This site is the largest relatively intact tract of forest habitat in the
state. It also contains the largest legally designated Wilderness Area
in the state. It is a mountainous region with a maximum elevation
of 5,344 feet and at least 24 peaks over 3,500 feet, with sub-alpine
and alpine habitats.

Ornithological Summary

The peaks over 2,800 feet provide habitat for a distinctive sub-alpine
bird community that includes the Bicknell?s Thrush, Swainson?s
Thrush, and Blackpoll Warbler. Within the Wilderness Area is a vast
amount of forest habitat that supports a characteristic forest breeding
bird community, including the Ruffed Grouse, American Woodcock,
Yellow-bellied Sapsucker, Eastern Wood-Pewee, Least Flycatcher,
Great Crested Flycatcher, Blue-headed Vireo, Veery, Wood Thrush,
Northern Parula, Chestnut-sided Warbler, Black-throated Blue
Warbler, Black-throated Green Warbler, Blackburnian Warbler,
Blackpoll Warbler, Black-and-white Warbler, American Redstart,
Ovenbird, Canada Warbler, Scarlet Tanager, Rose-breasted Grosbeak,
and Purple Finch. The boreal habitat supports the Spruce Grouse,
Three-toed Woodpecker, Black-backed Woodpecker, Gray Jay, Boreal
Chickadee, Red Crossbill, and White-winged Crossbill. The area also
supports breeding at-risk species, including the Common Loon and
Peregrine Falcon.

Conservation Issues

Portions of this site have been designated as a state Bird Conservation
Area and Wilderness Area. Significant restrictions apply to
management activities on the state-owned portions of this area, which
is one of the most popular outdoor recreation areas in the state. The
number of visitors more than doubled from 1983 to 1993 to over 114,000
visitors per year. There is concern that this level of human use will
degrade habitats, especially near trails and on fragile alpine habitats.
More research is needed to examine the impacts of human visitation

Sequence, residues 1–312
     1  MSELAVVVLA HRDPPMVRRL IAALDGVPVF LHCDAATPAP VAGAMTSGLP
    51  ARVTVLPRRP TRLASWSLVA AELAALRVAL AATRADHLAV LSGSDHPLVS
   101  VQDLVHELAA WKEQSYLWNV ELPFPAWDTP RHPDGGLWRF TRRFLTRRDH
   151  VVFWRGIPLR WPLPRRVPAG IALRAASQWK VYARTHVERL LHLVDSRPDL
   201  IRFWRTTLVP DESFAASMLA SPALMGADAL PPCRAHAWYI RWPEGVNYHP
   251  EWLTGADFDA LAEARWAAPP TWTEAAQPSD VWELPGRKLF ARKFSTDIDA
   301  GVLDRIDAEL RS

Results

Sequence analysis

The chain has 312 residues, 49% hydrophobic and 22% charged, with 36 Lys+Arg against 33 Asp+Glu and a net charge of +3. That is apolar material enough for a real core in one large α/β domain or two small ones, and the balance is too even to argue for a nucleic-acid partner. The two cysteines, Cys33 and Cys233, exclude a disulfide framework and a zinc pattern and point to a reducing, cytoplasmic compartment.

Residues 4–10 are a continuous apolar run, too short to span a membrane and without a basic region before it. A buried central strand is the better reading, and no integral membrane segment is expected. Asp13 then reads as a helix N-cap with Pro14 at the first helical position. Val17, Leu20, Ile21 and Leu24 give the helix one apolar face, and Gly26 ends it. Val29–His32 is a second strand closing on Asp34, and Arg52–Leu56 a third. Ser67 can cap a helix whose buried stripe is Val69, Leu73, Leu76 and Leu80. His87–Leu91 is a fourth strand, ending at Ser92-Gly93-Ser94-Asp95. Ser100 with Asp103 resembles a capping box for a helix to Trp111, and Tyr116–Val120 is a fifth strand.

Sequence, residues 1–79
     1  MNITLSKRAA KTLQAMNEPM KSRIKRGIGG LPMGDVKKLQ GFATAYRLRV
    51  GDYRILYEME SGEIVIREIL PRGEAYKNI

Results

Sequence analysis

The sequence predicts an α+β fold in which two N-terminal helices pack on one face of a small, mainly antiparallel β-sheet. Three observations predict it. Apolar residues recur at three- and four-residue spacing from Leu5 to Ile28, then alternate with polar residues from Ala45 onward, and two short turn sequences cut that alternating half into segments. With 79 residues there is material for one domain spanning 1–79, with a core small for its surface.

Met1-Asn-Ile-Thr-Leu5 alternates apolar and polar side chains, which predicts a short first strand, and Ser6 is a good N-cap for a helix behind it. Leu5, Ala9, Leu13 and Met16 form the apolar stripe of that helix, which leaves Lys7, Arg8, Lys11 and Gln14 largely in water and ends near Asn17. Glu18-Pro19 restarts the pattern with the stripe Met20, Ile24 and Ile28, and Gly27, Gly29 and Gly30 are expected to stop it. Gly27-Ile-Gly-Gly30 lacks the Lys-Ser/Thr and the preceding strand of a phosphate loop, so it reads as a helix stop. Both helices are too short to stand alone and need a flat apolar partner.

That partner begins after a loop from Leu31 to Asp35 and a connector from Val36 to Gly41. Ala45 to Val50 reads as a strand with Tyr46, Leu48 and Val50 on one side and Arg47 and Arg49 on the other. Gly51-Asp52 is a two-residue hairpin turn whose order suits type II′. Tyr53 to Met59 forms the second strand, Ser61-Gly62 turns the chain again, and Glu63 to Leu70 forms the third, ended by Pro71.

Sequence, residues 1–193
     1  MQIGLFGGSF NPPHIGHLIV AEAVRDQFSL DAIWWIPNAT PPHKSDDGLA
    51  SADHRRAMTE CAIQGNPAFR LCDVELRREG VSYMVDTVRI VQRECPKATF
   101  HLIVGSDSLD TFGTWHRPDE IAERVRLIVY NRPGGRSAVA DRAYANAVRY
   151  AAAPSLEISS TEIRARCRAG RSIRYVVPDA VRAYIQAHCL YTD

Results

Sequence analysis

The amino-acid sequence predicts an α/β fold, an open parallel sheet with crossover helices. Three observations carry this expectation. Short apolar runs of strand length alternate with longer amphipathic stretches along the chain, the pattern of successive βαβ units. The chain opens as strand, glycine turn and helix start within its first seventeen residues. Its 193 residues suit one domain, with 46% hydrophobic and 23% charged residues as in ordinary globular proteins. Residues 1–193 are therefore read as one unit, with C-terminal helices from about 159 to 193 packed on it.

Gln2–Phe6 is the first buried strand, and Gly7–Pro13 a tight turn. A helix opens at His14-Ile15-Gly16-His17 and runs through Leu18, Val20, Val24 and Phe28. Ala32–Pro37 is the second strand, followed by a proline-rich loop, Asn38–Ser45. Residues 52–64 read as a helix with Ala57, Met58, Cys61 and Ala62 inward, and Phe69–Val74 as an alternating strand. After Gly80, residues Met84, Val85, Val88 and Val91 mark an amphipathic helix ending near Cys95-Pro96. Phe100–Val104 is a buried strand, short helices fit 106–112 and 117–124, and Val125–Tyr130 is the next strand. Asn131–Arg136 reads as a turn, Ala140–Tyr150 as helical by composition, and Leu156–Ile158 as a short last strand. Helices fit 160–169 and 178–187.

on bird populations and habitats. Opportunities exist for sustainable
forest management on privately-owned portions of this site, which
can provide required habitat for birds that prefer successional forests.
Acid rain has had a major effect on the forest and lake ecosystems, but
the long-term effects on birds like the Common Loon and Osprey are
unclear. Acid rain may also be having an impact on the nesting success
of songbirds, particularly at high elevations, by killing snails and other
sources of calcium needed for egg production. The curtailment of
sulphur dioxide emissions and the reduction of acid rain is currently
a significant NY State initiative. Scientists in a number of academic
institutions, government agencies, and non-government organizations
operating in the park are considering launching an ?All-Taxa Biological
Inventory? of the park on public and private lands, to provide a better
knowledge base for future management decisions. Detailed inventory
and standardized monitoring of at-risk species is needed for the area.
The Vermont Institute of Natural Science (VINS) coordinates the
Mountain Birdwatch survey that monitors breeding Bicknell?s Thrush
and other high-elevation birds.

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